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Triangle Palm

Gardening Reference » Gardening in 2006
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by cherylpc on June 09, 2006 03:14 PM
I have two triangle palm trees. They have done well for the last two years. Over the last two months they both are turning yellow and brown and look like they are going to die. What is wrong? What can I do to save them? Can anyone help?
by Longy on June 09, 2006 05:57 PM
Are they planted in a lawn? Do they receive ample moisture? Have you fertilised recently or done anything else along those lines.

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The secret is the soil.
by cherylpc on June 11, 2006 04:10 AM
They are planted on a flat part of the yard. They were recently fertilized and they have ice plant growing around them.
by joclyn on June 11, 2006 06:17 AM
i read something recently about iceplants being considered invasive. they might be the issue.

i don't remember where i read it...might have been on the usda site under the invasive plants area or it could have been a state site (florida, north carolina, ohio are a few that have such listings).

california has a page with a listing for invasive plants too...in fact, now that i'm thinking about it, i think that's where i read about it.
by Longy on June 11, 2006 07:31 AM
OK, i wondered if they were being out competed for water and nutrient by a lawn. I dunno what an ice plant is. Is it possible that when you fertilised them either the soil was not moist enough, not watered enough afterwards or that you gave them too much fertiliser?
Alternatively, is it possible they are too wet rather than too dry?
Their root system is concentrated relatively shallow, so competition from other plants may be a factor, including lawn grasses. The best triangle palms i've seen are in heavily mulched areas and the worst ones are growing in a lawn. Usually don't get any water. They look yellowed with brown tips, similar to your description.

OK. Just looked up Ice plant. Carpobrotus edulis . Though i found a few more. The problem of common names i guess. Anyway,
it's a succulent. Drought tolerant. I'm wondering if your palms need a more regular deep soaking. Is the lack of water theory a strong possibility? Throw in some fertiliser with too little water and you may have what you're talking about.

Here's my triangle palm. It's in a gravelly moist soil with lots of organic matter and plenty of other similar types of plant. The roots are well protected from direct summer sun which keeps them cool on hot days.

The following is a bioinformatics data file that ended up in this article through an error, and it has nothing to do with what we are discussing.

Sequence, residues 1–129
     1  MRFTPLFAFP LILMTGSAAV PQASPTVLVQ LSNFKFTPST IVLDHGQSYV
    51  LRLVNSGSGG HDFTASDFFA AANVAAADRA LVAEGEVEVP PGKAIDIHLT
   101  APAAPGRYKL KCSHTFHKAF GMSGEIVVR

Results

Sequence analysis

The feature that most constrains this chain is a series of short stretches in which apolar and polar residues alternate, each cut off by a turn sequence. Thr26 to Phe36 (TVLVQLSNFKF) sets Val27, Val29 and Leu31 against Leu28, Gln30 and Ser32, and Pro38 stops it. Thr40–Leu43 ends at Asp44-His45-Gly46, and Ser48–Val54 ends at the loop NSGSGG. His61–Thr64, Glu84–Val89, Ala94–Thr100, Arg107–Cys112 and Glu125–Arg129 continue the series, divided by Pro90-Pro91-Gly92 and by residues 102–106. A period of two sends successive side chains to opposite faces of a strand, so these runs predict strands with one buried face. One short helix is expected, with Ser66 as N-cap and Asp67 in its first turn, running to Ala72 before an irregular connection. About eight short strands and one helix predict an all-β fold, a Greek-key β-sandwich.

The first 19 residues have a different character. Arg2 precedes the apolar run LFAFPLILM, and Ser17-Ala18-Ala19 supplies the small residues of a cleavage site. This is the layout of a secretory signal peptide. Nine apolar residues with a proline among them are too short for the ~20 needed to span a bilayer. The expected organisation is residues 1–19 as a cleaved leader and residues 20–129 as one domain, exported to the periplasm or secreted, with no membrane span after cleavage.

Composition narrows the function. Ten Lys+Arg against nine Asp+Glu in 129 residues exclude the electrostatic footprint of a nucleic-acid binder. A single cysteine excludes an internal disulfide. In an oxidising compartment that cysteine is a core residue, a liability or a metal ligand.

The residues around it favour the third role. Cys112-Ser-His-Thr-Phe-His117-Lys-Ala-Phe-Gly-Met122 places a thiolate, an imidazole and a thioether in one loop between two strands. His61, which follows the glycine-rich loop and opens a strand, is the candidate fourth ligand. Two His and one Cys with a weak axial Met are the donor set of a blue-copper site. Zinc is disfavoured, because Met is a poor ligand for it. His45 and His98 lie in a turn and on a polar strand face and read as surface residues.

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The secret is the soil.
by joclyn on June 11, 2006 02:13 PM
well, i'm confused!

from the usda site: Mesembryanthemum crystallinum L., common iceplant

from the california invasive plant council: Carpobrotus edulis, hottentot fig or iceplant

two different classifications for 'iceplant' and the two look different too. if you have the one from the california site, the info i read there says it can spread from the root...it's reasonable to say that it's roots are choking out the palms.
by Longy on June 11, 2006 11:37 PM
That's the problem with common names. Ice plant could be lots of different things, depending upon where you live. Still a succulent though.
I still wonder if the palm is getting enough moisture.

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The secret is the soil.
by RugbyHukr on June 12, 2006 02:48 AM
out here, most 'iceplants' are family Delosperma.

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by cherylpc on June 12, 2006 03:35 AM
Thank you all for the information. I am going to trim the ice plant back, mulch, fertilize and water. It sounds very reasonable that, that is the problem. Just this year the ice plant became over grown and is taking over the yard, I bet your right and that is the problem.

Thanks again
Cheryl
by Longy on June 12, 2006 07:00 AM
MAybe hold off on the fertiliser until you've given the palm a good deep watering. Then wait to see if it picks up. If you fertilised recently and it was dry, the fert you used will still be present and you risk over fertilising and burning the roots. I don't think the iceplant will be a problem as long as there is enough water for the palm to get its share. So give it deep regular soakings.

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The secret is the soil.

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